Tips, tricks and advice from a first-time NASCAR fan
To say I knew nothing about NASCAR before attending a recent Sprint Cup Series race, the Auto Club 400 in Fontana, CA, is not exactly true. But it's pretty close.
Admittedly not a fan of car racing in any format, I spent many years in the marketing seats of large automotive companies. In that world, I learned that NASCAR, in its heyday, was the most expensive promotional sponsorship you could buy. The other thing I thought I knew was that NASCAR was a "Stock Car" racing series with real cars, battling it out on the track, with plenty of crashes and drama. The former, I found out, is still mostly true, but the latter has been majorly "modified."
I'd always heard that watching NASCAR on television pales in comparison to being at a race, so when some friends told me they were huge NASCAR fans and went every year, I asked if I could tag along to experience my first NASCAR. With their help, and the help of a few kind industry folk, I came away knowing a lot more about the phenomenon that is NASCAR.
In fact, I went into the experience with many assumptions that turned out to be false. And we all know what can happen when you make assumptions, right? In retrospect, I discovered many false assumptions about NASCAR that needed to be rooted out.
I admit, I was ready for a freak show. But while walking around the infield, Fun Zone, and general parking areas of Fontana's NASCAR Sprint Cup Series, all I saw were "my people." With few exceptions, they were just normal, working class folk out for a fun day at the races. Granted, this is Southern California and the ticket price to attend a race day at NASCAR starts at just under $100.00 per person, but still, I was pleasantly surprised that my first misconception was just not true. Full disclosure - I shop at Walmart, so who am I to judge?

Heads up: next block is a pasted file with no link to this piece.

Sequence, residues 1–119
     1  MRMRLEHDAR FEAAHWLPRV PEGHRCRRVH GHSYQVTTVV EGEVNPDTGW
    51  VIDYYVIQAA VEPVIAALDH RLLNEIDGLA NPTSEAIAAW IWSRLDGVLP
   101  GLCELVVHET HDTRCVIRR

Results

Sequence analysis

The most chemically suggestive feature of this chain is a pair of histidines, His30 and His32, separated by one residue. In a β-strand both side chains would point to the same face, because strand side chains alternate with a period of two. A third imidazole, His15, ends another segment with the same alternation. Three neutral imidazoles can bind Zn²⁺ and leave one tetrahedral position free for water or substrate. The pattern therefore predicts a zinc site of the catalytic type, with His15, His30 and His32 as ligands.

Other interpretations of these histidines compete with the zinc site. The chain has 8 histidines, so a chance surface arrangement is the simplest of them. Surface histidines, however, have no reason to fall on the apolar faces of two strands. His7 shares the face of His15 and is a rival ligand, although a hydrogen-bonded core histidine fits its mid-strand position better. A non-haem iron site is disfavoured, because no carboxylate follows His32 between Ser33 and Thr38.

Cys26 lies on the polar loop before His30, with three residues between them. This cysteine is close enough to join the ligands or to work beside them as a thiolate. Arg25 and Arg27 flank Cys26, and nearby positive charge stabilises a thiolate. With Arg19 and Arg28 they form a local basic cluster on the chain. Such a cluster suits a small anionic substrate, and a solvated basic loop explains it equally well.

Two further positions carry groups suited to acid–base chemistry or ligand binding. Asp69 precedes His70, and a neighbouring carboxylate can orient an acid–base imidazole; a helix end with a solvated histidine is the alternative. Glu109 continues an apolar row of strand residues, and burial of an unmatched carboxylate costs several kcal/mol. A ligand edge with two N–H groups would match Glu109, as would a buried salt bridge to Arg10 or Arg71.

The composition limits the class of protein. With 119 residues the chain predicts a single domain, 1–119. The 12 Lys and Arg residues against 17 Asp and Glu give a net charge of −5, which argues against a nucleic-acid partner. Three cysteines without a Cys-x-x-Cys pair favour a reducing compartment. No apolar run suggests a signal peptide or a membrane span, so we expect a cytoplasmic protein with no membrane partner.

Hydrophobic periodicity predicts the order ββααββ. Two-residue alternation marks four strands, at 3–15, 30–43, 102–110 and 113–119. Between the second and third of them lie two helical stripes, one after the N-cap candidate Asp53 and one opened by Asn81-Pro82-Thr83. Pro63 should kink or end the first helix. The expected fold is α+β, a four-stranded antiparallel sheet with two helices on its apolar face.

Tip: NASCAR has a 3-Day First Time Fan Package that gets you and a friend access to the 3-day events for only $100 (which is a good deal). It must be purchased a few weeks in advance and you get Pit Passes, Scanner rental, $10 off food or drink, and a "My First Race" pin.
Evidently, changes in safety and racing on larger ovals has reduced the amount of actual crashes seen at NASCAR races. Of the two or three caution flags that were thrown in Fontana, the problem was blown tires, not collisions.
Digging a little deeper into the topic, it seems there are many differing views on why the crashes aren't happening as often. Some of the drivers think it's because of the car that they are currently regulated to drive. Five-time Cup champion, Jimmie Johnson, said, "…this car is a little bit more friendly compared to the car way back when." He's referring to the very-specifically regulated vehicle that has been developed over decades of rule-changing.
Others think it's because of the larger size of tracks NASCAR races on, with plenty of room for side-by-side driving and the ability to spread out.
Recent champion, Brad Keselowski, says it's about the aerodynamic effect of the cars. "We can't get close enough to each other to wreck," he said. "When you can't get close to someone, the potential to wreck is a lot less no matter what the situation."
Sorry everyone else, but the favorite driver by a large majority at NASCAR is Dale Earnhardt Jr. The son of the great Dale Earnhardt is the consistent winner of the "Most Popular Driver" Award from the National Motorsports Press Association. This survey questions over 1 million fans every year. Last year, Dale Jr. won for the 11th consecutive year with over 700,000 votes - that's 70% of the votes against 39 other drivers. The scion of famous race champion, Dale Earnhardt, seems to have won the hearts of NASCAR fans, no matter where he comes in at race time.